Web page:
Brill, who plays her husband, found a kind of virtue in the terror. “It was very, very vulnerable,” he said. “We didn’t have the same kind of protections that we typically have as actors, which was really refreshing and really lovely.”

During the first month of rehearsal, more than half the day was given over to band practice. Twice each week Brill and Pecinka were pulled aside for bass and guitar lessons. The Elsewhere gig, a trial by fire and amplifier, gave the actors a jolt of confidence and the muscle memory of what it might feel like to play in front of a crowd.

Even so, rehearsals remained fraught. The script alone, which runs to nearly three hours and often dilates on the technical minutiae of the recording process, was daunting. The songs were perhaps harder. Integrating the two — playing in character, making the struggle invisible — felt nearly impossible. When Adjmi visited rehearsal, the actors would barely acknowledge him. “They were all in a state of electrified horror,” he said. “They wouldn’t even really talk to me. They wouldn’t even talk to each other.”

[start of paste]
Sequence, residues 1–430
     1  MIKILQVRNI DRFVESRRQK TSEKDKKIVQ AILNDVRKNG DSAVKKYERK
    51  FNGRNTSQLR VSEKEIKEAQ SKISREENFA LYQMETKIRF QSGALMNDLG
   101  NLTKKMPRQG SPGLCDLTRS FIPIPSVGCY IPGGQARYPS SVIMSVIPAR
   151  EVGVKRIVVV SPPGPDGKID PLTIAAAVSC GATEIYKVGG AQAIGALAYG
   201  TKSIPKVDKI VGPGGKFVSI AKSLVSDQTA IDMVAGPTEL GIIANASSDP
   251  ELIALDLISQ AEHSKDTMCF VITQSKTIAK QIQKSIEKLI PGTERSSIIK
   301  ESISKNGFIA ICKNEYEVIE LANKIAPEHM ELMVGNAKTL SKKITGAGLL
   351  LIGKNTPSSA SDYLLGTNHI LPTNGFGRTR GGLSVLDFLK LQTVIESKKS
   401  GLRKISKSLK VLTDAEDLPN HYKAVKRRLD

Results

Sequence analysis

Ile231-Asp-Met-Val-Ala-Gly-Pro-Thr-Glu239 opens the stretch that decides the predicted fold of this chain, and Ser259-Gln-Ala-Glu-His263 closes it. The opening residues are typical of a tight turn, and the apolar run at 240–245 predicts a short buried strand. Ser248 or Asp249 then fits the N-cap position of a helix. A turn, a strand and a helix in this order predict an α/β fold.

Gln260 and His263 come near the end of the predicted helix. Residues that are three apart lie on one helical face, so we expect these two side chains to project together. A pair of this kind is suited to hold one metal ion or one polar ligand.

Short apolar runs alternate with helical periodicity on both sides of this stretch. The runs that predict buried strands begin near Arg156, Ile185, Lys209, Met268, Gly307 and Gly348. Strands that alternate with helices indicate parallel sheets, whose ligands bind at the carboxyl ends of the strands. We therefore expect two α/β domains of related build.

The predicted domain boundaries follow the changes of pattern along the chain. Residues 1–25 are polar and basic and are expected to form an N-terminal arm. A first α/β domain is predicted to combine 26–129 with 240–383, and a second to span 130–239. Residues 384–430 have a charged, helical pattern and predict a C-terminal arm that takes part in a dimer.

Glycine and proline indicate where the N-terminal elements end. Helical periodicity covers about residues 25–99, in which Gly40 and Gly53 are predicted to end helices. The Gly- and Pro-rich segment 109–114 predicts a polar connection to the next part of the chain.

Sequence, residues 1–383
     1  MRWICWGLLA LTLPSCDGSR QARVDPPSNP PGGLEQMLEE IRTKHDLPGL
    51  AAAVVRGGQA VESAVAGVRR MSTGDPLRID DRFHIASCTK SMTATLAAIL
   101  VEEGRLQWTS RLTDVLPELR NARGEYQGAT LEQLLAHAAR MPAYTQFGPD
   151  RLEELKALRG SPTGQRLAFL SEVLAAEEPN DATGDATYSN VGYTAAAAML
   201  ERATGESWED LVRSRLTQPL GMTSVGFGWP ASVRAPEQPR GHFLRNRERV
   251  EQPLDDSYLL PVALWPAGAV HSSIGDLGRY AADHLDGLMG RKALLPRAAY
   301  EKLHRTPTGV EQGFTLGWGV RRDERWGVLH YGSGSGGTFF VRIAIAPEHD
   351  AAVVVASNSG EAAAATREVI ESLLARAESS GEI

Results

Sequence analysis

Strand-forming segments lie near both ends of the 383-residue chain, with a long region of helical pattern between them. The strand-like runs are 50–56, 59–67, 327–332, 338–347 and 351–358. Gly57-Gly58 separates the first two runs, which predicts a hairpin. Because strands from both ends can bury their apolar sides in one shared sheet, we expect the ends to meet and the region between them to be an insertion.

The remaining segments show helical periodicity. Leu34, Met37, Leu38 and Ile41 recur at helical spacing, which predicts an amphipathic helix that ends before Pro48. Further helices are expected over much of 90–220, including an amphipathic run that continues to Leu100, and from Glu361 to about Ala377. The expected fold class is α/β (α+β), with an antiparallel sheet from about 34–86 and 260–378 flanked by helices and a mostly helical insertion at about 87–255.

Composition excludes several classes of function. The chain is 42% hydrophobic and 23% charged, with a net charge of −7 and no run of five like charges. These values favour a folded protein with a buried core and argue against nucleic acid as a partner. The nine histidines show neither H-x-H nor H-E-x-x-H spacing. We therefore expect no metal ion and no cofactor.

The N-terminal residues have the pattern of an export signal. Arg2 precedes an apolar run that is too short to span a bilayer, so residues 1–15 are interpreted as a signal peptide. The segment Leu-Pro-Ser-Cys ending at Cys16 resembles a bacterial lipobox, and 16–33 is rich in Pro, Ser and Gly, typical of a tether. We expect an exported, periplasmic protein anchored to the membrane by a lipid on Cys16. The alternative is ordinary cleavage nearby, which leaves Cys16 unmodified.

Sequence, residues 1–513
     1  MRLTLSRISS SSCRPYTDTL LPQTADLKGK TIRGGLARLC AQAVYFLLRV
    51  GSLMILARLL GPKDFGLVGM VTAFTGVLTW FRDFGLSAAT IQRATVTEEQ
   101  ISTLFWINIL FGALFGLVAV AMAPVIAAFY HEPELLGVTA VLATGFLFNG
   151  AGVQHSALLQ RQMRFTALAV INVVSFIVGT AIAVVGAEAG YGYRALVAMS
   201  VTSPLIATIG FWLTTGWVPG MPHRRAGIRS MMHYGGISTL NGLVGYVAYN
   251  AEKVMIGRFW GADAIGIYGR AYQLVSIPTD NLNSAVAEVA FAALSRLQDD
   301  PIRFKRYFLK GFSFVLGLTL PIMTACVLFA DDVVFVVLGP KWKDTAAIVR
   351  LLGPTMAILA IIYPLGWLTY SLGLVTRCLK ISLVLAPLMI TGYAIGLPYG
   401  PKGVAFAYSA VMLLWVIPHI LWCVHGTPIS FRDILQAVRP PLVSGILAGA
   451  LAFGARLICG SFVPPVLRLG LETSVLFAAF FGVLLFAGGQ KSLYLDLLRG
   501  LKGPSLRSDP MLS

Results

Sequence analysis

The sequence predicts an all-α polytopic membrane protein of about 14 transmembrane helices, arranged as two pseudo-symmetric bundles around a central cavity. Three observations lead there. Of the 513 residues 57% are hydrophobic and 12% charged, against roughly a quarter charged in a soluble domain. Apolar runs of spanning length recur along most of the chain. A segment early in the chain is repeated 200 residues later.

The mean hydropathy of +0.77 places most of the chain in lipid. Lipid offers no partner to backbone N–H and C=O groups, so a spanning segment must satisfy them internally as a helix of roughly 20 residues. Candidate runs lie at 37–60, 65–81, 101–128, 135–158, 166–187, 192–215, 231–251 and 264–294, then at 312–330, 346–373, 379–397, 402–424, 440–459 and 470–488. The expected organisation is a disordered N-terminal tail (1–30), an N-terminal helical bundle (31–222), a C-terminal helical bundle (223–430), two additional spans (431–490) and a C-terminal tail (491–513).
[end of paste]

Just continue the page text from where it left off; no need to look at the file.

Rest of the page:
Yet Butler and Justin Craig, the play’s music director, were already taking the measure of the cast, reorchestrating the songs for their quirks and strengths. Canfield, Pecinka and Pidgeon had voices that blended beautifully together. “So we decided to really go for it with vocal arrangements,” Craig said.

And as Pecinka and Brill grew as musicians, Craig and Butler could add more licks, more riffs. Butler slowed down the yearning, rootsy “Seven Roads,” because the actors “grooved in a different way than the demo,” he said. Writing for this quintet, however amateur, wasn’t too different from writing for any of Butler’s other bands.

“It was figuring out what people’s strengths are and where the emotion is coming from, and I’m trying to heighten that emotion.”

In October, during tech rehearsal and preview performances for the Off Broadway run at Playwrights Horizons, something ineffable shifted. “There was a moment when we started communicating with each other as musicians,” Stack said. Rehearsals had felt rushed, fraught. But now onstage, there was finally time to listen to one another. The actors developed inside jokes, riffs, routines, just like bandmates would.